In severe patients who do not respond to these initial therapies, the addition of medications to antagonize insulin activity or minimize insulin secretion can be helpful. Calcium-channel blockers, octreotide or diazoxide are other options that can be tried. In the most severe patients, partial pancreatectomy has been performed; unfortunately, it has not been successful at reversing the hypoglycemic episode and it is unknown if reversal of the gastric bypass is a successful strategy.

Having personally experienced postprandial hypoglycemia, I recommend that you see your endocrinologist (preferably one who has experience in working with gastric bypass patients or at the very least proactive in helping you find a solution that works for you. 

I highly recommended that you get regular follow-ups including blood work, as well as consult with your primary care doctor or surgeon before changing your vitamin routine, or before discontinuing any prescription medication, vitamins or calcium supplements. I also have my bone density monitored. It is crucial to continue monitoring your overall health and be proactive in finding a solution that works for you. There is hope if you are willing to find it. 

Yes, you can. You have many more miles to go!

fall in love with fennel

When I think of the fall of the year, I think of roasted vegetables. One of my favorites is roasted fennel.

Now before you immediately think you don't like it, you might want to reconsider. When trying fennel for the first time, I thought it would taste like licorice and I wouldn't like it. But as it turned out, it doesn't taste like licorice and I loved it.

Fennel really as quiet a mild flavor, sweet flavor. It's so easy to prepare, it could quickly become your favorite fall veggie. It can be eaten raw in a salad or roasted by itself or with other root vegetables such as squash or turnips.

I cut the bulb into slices and roast it with a little olive oil, a little salt and pepper and a little thyme (either ground or whole). Bake at around 400 until caramelized and tender.

I use save the top of greens for garnishing baked fish.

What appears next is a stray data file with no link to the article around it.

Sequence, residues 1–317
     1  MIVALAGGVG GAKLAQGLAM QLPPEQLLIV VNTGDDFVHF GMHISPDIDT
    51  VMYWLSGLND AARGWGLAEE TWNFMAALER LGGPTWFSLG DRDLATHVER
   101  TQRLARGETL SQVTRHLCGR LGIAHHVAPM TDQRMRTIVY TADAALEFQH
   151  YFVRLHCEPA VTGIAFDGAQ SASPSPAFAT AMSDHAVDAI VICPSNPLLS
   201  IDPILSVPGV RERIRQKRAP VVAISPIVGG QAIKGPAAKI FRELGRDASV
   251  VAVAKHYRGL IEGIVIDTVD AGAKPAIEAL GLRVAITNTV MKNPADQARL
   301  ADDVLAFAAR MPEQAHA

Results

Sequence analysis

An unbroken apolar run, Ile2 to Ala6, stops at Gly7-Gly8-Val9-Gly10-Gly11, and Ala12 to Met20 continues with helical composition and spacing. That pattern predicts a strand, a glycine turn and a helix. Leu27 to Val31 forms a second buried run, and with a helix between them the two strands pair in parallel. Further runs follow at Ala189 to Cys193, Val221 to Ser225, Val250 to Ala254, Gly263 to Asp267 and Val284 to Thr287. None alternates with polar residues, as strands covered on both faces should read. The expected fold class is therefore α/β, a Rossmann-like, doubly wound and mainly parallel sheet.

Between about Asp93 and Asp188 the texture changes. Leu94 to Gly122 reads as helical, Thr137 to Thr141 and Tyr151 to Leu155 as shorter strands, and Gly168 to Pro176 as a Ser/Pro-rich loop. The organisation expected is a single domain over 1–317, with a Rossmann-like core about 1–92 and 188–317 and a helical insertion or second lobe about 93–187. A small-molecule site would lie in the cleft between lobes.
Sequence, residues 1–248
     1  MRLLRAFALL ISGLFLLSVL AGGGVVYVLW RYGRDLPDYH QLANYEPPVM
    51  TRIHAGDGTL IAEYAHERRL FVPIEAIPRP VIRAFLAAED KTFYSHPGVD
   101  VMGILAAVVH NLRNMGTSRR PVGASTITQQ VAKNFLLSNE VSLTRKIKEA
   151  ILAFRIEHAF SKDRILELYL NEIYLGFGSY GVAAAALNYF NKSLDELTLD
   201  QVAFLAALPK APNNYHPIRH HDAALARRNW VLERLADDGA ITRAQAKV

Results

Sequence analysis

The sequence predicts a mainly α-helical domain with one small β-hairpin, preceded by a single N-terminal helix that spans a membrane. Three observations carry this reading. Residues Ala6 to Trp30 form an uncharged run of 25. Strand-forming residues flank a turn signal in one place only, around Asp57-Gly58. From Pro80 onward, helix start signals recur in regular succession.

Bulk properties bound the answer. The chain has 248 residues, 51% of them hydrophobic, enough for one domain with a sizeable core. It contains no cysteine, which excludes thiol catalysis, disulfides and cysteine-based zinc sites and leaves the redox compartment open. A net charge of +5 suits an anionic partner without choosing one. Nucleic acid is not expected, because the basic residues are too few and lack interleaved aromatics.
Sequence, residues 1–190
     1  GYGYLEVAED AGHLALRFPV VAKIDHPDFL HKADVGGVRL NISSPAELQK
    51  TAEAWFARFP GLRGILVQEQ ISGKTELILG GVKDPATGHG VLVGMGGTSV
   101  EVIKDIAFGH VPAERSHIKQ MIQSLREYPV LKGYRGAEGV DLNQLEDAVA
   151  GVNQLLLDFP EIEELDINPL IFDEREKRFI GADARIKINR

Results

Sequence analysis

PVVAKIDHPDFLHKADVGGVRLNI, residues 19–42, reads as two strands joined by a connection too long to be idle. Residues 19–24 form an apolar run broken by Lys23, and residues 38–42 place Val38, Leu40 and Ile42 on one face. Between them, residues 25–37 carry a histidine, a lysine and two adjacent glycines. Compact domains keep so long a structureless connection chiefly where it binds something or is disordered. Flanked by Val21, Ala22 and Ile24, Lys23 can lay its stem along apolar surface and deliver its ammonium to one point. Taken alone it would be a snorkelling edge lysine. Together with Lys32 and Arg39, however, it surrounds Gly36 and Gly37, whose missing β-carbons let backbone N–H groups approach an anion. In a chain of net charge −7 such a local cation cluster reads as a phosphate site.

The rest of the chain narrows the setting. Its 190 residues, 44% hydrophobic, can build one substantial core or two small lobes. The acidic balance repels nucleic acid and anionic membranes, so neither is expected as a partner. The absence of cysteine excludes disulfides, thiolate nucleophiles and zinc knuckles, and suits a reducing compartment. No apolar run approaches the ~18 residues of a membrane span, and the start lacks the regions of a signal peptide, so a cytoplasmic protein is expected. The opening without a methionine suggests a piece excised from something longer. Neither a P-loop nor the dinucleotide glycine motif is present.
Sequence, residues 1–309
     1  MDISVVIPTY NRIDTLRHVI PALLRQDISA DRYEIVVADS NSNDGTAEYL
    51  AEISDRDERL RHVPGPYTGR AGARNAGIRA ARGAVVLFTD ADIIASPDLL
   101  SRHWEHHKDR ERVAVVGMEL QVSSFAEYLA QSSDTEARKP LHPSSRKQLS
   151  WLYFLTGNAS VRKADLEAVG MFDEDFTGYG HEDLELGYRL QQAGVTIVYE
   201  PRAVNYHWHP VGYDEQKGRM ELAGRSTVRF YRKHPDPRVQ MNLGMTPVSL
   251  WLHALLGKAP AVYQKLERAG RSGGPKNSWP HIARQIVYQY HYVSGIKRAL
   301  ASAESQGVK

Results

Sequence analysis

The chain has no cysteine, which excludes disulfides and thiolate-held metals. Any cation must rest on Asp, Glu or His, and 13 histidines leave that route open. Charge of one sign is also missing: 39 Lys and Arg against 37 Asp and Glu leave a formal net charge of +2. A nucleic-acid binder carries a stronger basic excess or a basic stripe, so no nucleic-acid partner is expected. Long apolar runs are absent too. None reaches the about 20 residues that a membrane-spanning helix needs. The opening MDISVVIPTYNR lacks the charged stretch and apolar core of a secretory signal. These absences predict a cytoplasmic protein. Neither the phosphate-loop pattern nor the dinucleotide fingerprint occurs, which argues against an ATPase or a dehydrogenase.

Give it a try—you just might be surprised.

Yes, you can. You have many more miles to go!

Posted on Monday, September 17, 2018 at 10:00AM by Registered CommenterJulia Holloman | Comments Off

go deeper


When solving problems, 
dig at the roots 
instead of just hacking at the leaves.
Anthony J. D'Angelo

Posted on Monday, September 10, 2018 at 10:00AM by Registered CommenterJulia Holloman | Comments Off


This year Richard and I will celebrate our 43rd wedding anniversary. 

Richard and I met in 1972. It was almost love at first sight, and we were married a little over three years later in September 1975. He has been the love of my life ever since. We have had our share of ups and downs over the years, but he has stuck by me through "thick" and "thin".

Our lives have changed in bit over the years. In 43 years we raised three children to adulthood, moved 7 times, and had grandchildren, even since my RNY surgery in 2006, just 12 years ago, our lives, look a lot different than when we first got married. 

In my book, Out of Obesity and into the Promised Land, I encourge those who are considering surgery to consider what their lives were like 10 years ago and even 5 years ago. And then think about what they want their life to look like 5 or 10 years from now. Most likely things have changed over the years and will continue to look different well into the future. 

Twelve years ago, just a few months after I had surgery, we were in the midst of planning weddings for our two sons. We now have 6 grandchildren and will be adding number 7 to the mix this month. 

We look forward, now in our retirement years, to celebrating the best years of our lives together with our growing family, our renewed health and a new appreciation and love for each other.   

We are in a different place, time, environment, and phase of our lives together than we were 43 years ago or even ten years ago. 

Happy Anniversary, Richard.   

Posted on Wednesday, September 5, 2018 at 07:00AM by Registered CommenterJulia Holloman in , , | Comments Off